Some 1400 killed in an apparent chemical attack in Damascas, pressure on Obama to act, events in Egypt leading Douglas Alexander to suggest a robust response from EU governments and the Palestinian question remains unanswered. The Middle East is rarely out of the headlines. Two remarkable films give an insight into the complexities of this region.
"Hey guess what - Ben Affleck is the new Batman!" "Ergh" "You don't like Affleck? You've never forgiven him for Gigli?" "Affleck's fine, it's Batman" "Batman?" "Batman" "You don't like the caped crusader?" "Nope" "Why?" "A privileged millionnaire who punishes poor people. A nocturnal David Cameron."
Working closely with curators Abdellah Karroum, Director of Mathaf, Arab Museum of Modern Art in Doha, Alia Al-Senussi and Abdullah Al-Turki, key figures on the Middle Eastern art scene alongside artist Ahmed Mater, who contributes to our final evening, we are presenting an amazing selection of films, free to view in a unique outdoor cinema.
As much as I'm sure we'd all like to know, ultimately, it's none of our business. When we get down the nitty-gritty, and if we're really honest with ourselves, we're just being nosey... even if we're being well-meaning. Jennifer's a lovely woman, I'm sure she'd make a great mum but... it's also, ultimately, still none of our damn business.
As director Neill Blomkamp says in the foreword, this book offers a "peek behind the curtain" of the film's journey to the big screen. He discusses his influences and thinking behind the making of the film - and we get to see some of the 3,000 pieces of concept art that were made even before anyone walked onto a set.
Everything quintessentially Sixties eccentric London is present and correct in The Look of Love, an absorbing biopic of Paul Raymond, the impressario, porn king and property magnate once dubbed 'the richest man in England'.
Out of darkness appeared a relatively unknown director with a vision to make superheroes appear more realistic and believable, Christopher Nolan. He transformed Batman from the campy, cheap days of Tim Burton and the dark dark days of George Clooney, into the Dark Knight (the brilliant kind of dark, the kind that builds suspense, that has an edge).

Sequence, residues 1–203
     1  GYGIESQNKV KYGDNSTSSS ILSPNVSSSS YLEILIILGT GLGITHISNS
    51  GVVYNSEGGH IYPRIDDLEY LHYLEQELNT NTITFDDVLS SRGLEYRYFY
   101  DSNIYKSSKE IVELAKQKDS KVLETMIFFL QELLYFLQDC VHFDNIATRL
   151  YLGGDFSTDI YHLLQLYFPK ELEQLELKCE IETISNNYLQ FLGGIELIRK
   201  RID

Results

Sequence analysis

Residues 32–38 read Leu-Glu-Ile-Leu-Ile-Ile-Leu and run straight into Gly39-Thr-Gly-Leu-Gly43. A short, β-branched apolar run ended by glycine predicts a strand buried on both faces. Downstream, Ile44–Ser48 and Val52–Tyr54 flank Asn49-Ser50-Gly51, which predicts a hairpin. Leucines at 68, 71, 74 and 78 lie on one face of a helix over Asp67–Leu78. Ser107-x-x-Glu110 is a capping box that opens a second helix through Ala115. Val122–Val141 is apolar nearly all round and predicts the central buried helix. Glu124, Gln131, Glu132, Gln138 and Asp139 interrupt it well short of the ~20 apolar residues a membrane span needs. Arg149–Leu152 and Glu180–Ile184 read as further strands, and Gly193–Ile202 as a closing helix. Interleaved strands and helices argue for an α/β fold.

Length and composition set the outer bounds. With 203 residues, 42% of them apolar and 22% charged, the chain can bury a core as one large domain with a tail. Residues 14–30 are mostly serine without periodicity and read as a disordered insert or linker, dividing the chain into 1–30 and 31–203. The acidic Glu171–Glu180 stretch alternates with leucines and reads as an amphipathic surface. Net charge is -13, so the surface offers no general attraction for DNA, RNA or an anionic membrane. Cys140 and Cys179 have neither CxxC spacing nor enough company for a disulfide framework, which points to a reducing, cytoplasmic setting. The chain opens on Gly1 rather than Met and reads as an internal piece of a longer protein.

The first two acts are pretty engaging, but things tend to drag on too long, so by the third chunk you are ready to go way before the closing credits roll.
We've got a booming film and TV industry thanks to these two incredible and inspiring female role models, yet we make it so hard for women to return to work after having a child. Surely it is time for broadcaster and filmmakers to think again?
It seems that Jeff Wadlow has managed to craft a sequel that is every bit as humorous and action-packed as the first instalment, whilst also writing a screenplay that is both emotionally engaging and ambitiously inspiratio
Playing outdoors is good for children. It makes for happy, healthy kids. Yet still we persist in letting them stay indoors. We're scared to let them play anywhere other than their bedroom or the garden, where we can keep a keen watch over them. My mother roamed in about 50 square miles. I roamed in one square mile. My two children are free to roam just in 18 square yards.
In Richard Curtis' latest romantic comedy, Tim (played by Domhnall Gleeson) discovers on his 21st birthday that he comes from a line of men who can travel back in time - and all he wants to do with this amazing ability is get a girlfriend. Yes, this film is just as dull as it sounds.
Excluding The Avengers, only Iron Man has been granted a second and third film, with Thor getting his second outing later this year, but if Marvel's latest recruits are anything to go by, they're already reaching the bottom of the barrel in terms of big names with the traction to carry their own series.
What on Earth is Full Tilt? Interesting turn of phrase. It's Marvel's megabucks new fantasy adventure with Karen Gillan. So, a bit like Dr Who then? Not quite. She's bald.
Far from mocking comic book films Kick-Ass 2 falls into the same cliches that the first film roundly mocked. We are now given plenty if emotional baggage for all characters as well as constant references to fallen mentors that cheapen the impact of the satire.
'A Late Quartet', a captivating and intelligent debut feature from Yaron Zilberman, 'In the House', Francois Ozon's clever narrative driven spellbinding psychological drama plays games with the audience and Steven Soderberg's Hitchcockian 'Side Effects' is full of double crosses. Cinema can be one of the great pleasures of life.